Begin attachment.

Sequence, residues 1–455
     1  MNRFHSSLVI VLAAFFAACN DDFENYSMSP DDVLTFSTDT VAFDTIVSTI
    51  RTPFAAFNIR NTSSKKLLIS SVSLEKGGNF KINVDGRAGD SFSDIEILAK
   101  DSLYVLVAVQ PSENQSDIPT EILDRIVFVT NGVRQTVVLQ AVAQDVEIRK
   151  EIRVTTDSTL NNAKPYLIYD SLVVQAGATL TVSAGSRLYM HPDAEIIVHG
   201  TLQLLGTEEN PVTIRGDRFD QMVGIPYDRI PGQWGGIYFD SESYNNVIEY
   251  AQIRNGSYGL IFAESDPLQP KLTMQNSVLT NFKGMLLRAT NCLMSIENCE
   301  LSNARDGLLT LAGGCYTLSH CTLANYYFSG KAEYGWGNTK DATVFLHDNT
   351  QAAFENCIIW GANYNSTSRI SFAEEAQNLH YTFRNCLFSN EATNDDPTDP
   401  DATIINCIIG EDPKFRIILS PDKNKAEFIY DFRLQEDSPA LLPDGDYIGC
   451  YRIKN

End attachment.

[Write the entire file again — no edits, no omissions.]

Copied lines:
Sequence, residues 1–455
     1  MNRFHSSLVI VLAAFFAACN DDFENYSMSP DDVLTFSTDT VAFDTIVSTI
    51  RTPFAAFNIR NTSSKKLLIS SVSLEKGGNF KINVDGRAGD SFSDIEILAK
   101  DSLYVLVAVQ PSENQSDIPT EILDRIVFVT NGVRQTVVLQ AVAQDVEIRK
   151  EIRVTTDSTL NNAKPYLIYD SLVVQAGATL TVSAGSRLYM HPDAEIIVHG
   201  TLQLLGTEEN PVTIRGDRFD QMVGIPYDRI PGQWGGIYFD SESYNNVIEY
   251  AQIRNGSYGL IFAESDPLQP KLTMQNSVLT NFKGMLLRAT NCLMSIENCE
   301  LSNARDGLLT LAGGCYTLSH CTLANYYFSG KAEYGWGNTK DATVFLHDNT
   351  QAAFENCIIW GANYNSTSRI SFAEEAQNLH YTFRNCLFSN EATNDDPTDP
   401  DATIINCIIG EDPKFRIILS PDKNKAEFIY DFRLQEDSPA LLPDGDYIGC
   451  YRIKN